Your Source for Feminist Discourse

Trauma, Bills, I Can’t Deal

Recently in the news a story as been brought to my attention that frankly pisses me off. The Times Picayune of October 13th, 2014, tells of a New Orleans woman who was sexually assaulted. The woman woke up to a man assaulting her as she went in and out of consciousness and then after the ordeal she went to the hospital. The woman thought it would be best to receive a forensic exam, and 8 days letter she received a letter that would shake her very core. The letter told her she owed the hospital 2,000 dollars, her insurance would pay for most of it, but she still owed 600 dollars. Then a few days later she received another bill of 1,700 with an additional charge of 860 for going to the emergency room.

So you mean to tell me that a woman first has to go through being assaulted and then paying these bills. It seems like the trauma and pain will never cease. If our homes are broken into we are not charged for evidence collection, the same method should be applied when it comes to medical coverage for sexual assault survivors.

In 2015 no woman will have to pay upfront for a forensic exam, but there is still no federal ruling on states cover other medical expenses. The biggest one I think of is HIV prevention medicine that can cost up to 1,000 dollars. If a crime is committed against you, why should you be paying the expenses. Though Louisiana Governor Bobby Jindal issued an executive order calling for the immediate revision of the state’s rules for medical coverage for sexual assault survivors, change still needs to happen on a national level. The Office of Victims of Crime has a detailed map where you can see the compensation program for sexual assault survivors and every state is radically different.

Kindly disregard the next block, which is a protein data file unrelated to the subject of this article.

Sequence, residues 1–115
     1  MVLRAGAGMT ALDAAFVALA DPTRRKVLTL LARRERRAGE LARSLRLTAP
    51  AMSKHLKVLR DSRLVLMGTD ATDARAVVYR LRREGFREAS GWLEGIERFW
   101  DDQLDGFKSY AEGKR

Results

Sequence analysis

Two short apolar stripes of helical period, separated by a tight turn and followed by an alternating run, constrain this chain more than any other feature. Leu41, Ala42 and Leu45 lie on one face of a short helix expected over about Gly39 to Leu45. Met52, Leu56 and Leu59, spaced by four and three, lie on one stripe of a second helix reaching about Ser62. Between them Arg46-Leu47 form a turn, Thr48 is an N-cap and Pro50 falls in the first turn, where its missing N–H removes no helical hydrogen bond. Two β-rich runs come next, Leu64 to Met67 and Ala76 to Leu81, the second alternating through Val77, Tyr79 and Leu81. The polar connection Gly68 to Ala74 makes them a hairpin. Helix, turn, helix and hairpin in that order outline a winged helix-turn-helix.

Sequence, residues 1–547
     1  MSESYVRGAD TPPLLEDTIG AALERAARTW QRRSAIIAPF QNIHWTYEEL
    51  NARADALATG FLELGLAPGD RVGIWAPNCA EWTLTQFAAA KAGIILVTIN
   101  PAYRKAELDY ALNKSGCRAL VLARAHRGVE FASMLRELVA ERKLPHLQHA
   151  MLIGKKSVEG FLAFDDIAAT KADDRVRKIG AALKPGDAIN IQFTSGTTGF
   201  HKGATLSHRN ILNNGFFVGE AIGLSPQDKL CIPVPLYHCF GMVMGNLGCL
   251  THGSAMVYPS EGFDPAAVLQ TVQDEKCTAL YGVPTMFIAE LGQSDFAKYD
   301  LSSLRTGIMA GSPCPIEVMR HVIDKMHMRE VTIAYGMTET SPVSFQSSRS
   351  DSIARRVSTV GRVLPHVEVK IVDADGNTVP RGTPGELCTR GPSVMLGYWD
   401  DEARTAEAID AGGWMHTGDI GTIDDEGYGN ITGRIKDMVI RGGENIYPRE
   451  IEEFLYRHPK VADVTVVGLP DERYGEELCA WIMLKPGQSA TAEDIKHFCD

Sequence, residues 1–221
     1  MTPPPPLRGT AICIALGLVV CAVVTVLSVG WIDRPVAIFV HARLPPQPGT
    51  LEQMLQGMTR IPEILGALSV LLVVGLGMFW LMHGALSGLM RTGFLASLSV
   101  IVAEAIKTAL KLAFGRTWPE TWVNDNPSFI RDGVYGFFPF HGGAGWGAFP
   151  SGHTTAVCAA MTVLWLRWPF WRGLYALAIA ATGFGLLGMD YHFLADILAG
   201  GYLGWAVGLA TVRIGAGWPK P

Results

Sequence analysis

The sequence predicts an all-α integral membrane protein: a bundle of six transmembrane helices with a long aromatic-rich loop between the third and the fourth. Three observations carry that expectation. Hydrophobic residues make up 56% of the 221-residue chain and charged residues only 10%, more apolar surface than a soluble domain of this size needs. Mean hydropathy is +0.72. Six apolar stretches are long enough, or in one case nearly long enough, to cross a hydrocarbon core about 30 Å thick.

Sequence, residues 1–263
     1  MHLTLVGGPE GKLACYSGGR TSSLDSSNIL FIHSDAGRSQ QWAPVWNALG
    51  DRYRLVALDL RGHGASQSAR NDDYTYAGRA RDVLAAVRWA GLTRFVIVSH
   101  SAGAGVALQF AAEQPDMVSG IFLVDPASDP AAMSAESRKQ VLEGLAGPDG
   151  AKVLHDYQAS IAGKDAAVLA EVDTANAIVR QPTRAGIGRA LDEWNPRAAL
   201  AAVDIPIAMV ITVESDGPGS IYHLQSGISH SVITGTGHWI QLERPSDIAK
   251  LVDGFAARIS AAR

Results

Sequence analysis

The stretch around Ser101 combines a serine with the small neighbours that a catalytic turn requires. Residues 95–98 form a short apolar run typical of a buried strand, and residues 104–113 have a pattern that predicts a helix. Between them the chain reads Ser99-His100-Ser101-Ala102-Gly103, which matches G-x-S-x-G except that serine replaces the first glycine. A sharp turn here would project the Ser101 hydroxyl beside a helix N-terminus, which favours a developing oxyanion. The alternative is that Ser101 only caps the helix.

There needs to be a federal ruling making it mandatory for states to cover medical expenses beyond the forensic exam such as STI and pregnancy testing, HIV prevention medicine, emergency contraception, and therapy. Also woman should not be charged for going to the emergency room; if these bills continue to happen, women will no longer want to receive exams. If women do not go through their forensic exam, it becomes difficult to catch the attacker and also the rates of sexual assault survivors not reporting their assaults will just continue to be higher.

So do you see the major problems with all of this? I have some solutions, we need to be active in our legislation by talking to our congressional representatives. The midterm elections are now over and you know these political figures want to make change, why not have this be one the changes. One way you can start the conversation is by going to contactingthecongress.org; there you type in your location information and the website will direct you to your representatives and their contact information.

I have decided to start my own online campaign and which you can easily get involved.  It is time that sexual assault survivors’ stories about not receiving medical coverage aren’t silenced anymore, so I have a site where survivors can post their own stories and/or copies of their bills. The website is called Speak Up: The Cost of Sexual Assault. You can send in your stories by sending me an email to traumabillsicantdeal@gmail.com. As we all know the first part of fixing a problem is knowing that is actually exists. So, will you speak up?

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